Friday, December 30, 2016

Merry Christmas and Happy New Year!

I had high hopes of getting a Christmas card sent out this year (like I do every year), but it didn't happen this year (again, as I have never actually succeeded in getting one sent out - but as an optimist, I keep hoping).

Our 2016 Christmas photo. Us after worship on Christmas Eve at Vida Nueva in Bogota.
Photo by Daniel Lara
As this year comes to a close, we have a lot to reflect on throughout 2016: In January my parents were here to visit, and we had the chance to do some tourist things and traveling with them. The year continued on a high note in March when we renewed our contract both with the ELCA and IELCO to stay in Colombia for two more years. In May, a new coordinator was hired to accompany Curtis in the Human Rights program. Our whirlwind of Home Assignment from mid-May through the beginning of August, where we had the opportunity to visit the congregations and people who so generously support us and our work here in Colombia, as well as, of course, the chance to visit family and friends. October brought the death of Laura, the niece of my closest friend and co-worker here, and November brought health issues and surgery for me. November also saw the final signing of the peace agreements in Colombia after more than 5 years of negotiations. In December we took a quick trip to the coast to visit my uncle who passed through on his honeymoon. December also has brought us some much needed time off, where we took a trip to Cali (southern Colombia) for a fun get-a-way. This has been a full year (aren't they all), with so much to be thankful for. Thank you for sharing this year with us!

Merry Christmas and a very happy New Year to you all! Thank you for your support to us, be it financial, through your friendship, prayer, or by reading our blog - it is all really important to us.

Wednesday, December 14, 2016

Annual Evaluation of Diakonia

Last week, the national diaconal ministry of IELCO held its annual retreat to evaluate all of the programs, projects and activities that took place during 2016. The ministry is divided into four programs: Environment, Human Rights, Holistic Health and Sustainable Development. Out of each of these programs there are various projects which: offer direct service to local communities; develop networks of like-minded people and organizations, nationally and internationally; involve members of IELCO in advocacy opportunities; and train church members in relevant subjects. The overall objective of the national diaconal ministry is: “To contribute to the diaconal development of IELCO in its different contexts, for the improvement of the quality of life of the communities, expressed through service, the lived experience of justice, and the preservation of creation”.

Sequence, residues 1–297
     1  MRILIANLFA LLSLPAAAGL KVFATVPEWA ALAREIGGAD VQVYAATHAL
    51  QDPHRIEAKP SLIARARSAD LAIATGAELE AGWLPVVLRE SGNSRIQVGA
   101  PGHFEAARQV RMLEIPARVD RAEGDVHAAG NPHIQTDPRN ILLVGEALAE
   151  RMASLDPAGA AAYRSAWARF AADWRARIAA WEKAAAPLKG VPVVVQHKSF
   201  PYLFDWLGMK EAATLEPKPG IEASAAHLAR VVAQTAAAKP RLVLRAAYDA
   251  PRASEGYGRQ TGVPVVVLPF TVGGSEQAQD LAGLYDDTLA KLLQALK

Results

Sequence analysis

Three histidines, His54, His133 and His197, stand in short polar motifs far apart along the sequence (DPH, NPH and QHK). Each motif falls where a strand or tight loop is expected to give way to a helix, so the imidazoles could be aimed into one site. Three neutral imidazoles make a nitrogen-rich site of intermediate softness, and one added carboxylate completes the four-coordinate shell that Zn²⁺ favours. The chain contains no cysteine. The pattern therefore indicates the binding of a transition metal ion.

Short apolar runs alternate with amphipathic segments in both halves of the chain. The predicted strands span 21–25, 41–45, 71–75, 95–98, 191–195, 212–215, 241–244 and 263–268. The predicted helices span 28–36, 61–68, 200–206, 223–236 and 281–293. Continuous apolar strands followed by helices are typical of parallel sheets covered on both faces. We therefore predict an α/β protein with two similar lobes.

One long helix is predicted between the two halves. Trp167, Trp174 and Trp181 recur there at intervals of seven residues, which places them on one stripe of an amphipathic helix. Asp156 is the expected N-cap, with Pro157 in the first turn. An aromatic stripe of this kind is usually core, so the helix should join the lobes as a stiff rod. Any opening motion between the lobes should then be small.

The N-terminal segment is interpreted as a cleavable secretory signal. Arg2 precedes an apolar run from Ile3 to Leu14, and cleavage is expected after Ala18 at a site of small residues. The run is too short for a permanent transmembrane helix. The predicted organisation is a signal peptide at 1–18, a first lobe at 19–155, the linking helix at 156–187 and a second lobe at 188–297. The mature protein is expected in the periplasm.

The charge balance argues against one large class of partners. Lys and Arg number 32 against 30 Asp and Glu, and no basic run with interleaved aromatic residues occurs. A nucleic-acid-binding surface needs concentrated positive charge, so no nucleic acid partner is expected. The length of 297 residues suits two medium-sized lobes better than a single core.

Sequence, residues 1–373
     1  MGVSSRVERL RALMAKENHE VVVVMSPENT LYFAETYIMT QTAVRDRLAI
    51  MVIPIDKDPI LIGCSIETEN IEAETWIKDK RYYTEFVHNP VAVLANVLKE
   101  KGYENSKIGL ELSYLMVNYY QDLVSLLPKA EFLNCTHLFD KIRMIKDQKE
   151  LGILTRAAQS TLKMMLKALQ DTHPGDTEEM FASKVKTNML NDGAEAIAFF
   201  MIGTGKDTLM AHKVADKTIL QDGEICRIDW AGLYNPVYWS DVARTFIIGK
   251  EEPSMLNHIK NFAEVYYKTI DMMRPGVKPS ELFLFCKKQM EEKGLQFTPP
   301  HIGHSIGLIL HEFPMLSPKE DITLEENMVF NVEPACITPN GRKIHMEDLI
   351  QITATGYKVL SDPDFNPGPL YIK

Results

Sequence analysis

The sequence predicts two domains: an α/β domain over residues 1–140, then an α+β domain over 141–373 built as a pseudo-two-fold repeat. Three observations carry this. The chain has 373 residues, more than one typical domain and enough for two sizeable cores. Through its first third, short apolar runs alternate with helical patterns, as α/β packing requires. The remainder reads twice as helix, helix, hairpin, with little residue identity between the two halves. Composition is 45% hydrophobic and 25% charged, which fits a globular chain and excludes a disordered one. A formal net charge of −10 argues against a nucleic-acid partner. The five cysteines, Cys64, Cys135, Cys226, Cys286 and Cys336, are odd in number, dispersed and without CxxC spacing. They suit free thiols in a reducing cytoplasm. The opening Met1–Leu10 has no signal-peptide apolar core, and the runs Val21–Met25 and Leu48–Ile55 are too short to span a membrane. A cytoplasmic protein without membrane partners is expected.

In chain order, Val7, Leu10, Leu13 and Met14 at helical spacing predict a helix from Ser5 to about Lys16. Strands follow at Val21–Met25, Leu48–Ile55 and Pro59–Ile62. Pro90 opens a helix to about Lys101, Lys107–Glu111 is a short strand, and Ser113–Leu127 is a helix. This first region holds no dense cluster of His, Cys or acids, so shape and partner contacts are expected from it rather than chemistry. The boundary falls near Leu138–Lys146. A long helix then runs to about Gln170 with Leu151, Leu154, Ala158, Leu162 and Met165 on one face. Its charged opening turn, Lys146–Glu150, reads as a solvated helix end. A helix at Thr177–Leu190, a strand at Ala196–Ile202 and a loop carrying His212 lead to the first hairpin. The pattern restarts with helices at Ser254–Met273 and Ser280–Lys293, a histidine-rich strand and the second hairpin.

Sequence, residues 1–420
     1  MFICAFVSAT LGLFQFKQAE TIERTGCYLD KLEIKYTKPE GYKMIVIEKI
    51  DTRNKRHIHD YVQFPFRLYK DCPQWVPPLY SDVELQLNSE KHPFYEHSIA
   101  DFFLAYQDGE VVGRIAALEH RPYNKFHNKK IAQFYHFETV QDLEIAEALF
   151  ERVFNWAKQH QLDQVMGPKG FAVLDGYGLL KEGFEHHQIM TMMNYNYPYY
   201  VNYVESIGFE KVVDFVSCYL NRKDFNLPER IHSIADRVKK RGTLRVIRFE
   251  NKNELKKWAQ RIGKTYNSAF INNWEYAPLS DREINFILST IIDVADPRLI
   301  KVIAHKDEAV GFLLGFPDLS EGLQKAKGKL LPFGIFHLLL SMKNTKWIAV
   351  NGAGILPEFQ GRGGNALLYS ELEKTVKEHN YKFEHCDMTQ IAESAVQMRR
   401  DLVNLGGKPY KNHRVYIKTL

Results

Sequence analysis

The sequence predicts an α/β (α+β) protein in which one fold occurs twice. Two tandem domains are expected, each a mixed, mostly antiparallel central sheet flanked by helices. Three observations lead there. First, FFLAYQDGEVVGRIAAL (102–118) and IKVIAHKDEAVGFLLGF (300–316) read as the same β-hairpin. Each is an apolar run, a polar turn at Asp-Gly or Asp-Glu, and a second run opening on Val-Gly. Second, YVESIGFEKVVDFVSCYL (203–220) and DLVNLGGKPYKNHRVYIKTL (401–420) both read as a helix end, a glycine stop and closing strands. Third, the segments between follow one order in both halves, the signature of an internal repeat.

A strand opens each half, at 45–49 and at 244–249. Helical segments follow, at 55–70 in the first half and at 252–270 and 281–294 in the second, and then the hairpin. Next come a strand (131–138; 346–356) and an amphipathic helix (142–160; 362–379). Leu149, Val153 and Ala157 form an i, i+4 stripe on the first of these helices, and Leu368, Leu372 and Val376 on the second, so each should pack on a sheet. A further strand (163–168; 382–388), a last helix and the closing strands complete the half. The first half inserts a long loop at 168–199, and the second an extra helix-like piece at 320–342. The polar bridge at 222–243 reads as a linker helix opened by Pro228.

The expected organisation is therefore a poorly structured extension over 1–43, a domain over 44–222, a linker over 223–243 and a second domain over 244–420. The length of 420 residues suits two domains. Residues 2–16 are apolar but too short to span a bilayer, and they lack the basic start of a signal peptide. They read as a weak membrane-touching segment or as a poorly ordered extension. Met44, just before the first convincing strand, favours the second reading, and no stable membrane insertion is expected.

The evaluation was held in the historic town of Villa de Leyva in the department of Boyacá. From right to left: Curtis; Julie Pinzón, participating in the evaluation as representative of the national youth ministry; Rocío Varela, coordinator of the senior citizens project, serving a very vulnerable population just south of Bogota; Zandra Nino, coordinator of the project called ECOVIDA (Ecology and Life), working with poor peasant farmers in the Boyacá region, especially to regain an agricultural lifestyle lost with the coming of coal mines, which are now leaving due to plummeting coal prices; and Jorge Díaz, coordinator of the communications department of IELCO. 
Photo by Pastor Jairo Suarez.

Sara Lara, coordinator of the human rights program, presenting on the activities of the program during the year. 
Photo by Pastor Rocío Morales 

Right to Left: Curtis; Fabián Bello, coordinator of a food security project as part of the Environmental program;
Pastor Rocío Morales, Vice Bishop of IELCO and coordinator of the ASIVIDA project which focuses on HIV/AIDS prevention and awareness; Sara Lara, coordinator of the human rights program; and, Julie Pinzón, representative of the national youth ministry. Photo by Pastor Jairo Suarez.

Wednesday, December 7, 2016

DIPAZ Conference: Military Doctrine, Non-Violence and Peace-building

In light of the approved peace agreement between the Colombian Government and the FARC (Revolutionary Armed Forces of Colombia), DIPAZ (Inter-church Dialogue for Peace) held an important conference on Colombia’s military doctrine and non-violent grassroots efforts.

The advertisement for the conference, designed by Daniel Padierna,a conscientious objector 
and member of the Emmaus Lutheran Church in Medellin.
Colombia practices obligatory military enlistment for all males 18 years old. It is almost impossible for young men to find legitimate work or enter into university or higher education without being able to present the document demonstrating that the service has been completed. There is, however, the possibility of declaring oneself a conscientious objector based on religious beliefs. It is a long and difficult process, but many have done it.

This DIPAZ conference was based on the idea of conscientious objection. However, it also was looking for and defining other possible paths towards the demilitarization of the country and its culture...the idea of a non-violent lifestyle. As Colombia looks forward to building peace after more than 50 years of armed conflict, this is a very important issue, and one of the pillars my work here, as well as that of DIPAZ.

Andres Alba, member of St. Paul Lutheran Church in Bogotá, and technical secretary of DIPAZ,
 introducing the second day of the conference. Photo by Curtis.
The participants of the conference were asked to bring a symbol of their peace-building work. 
To start the conference they presented their symbols and placed them in the center of the room. 
Photo by Curtis.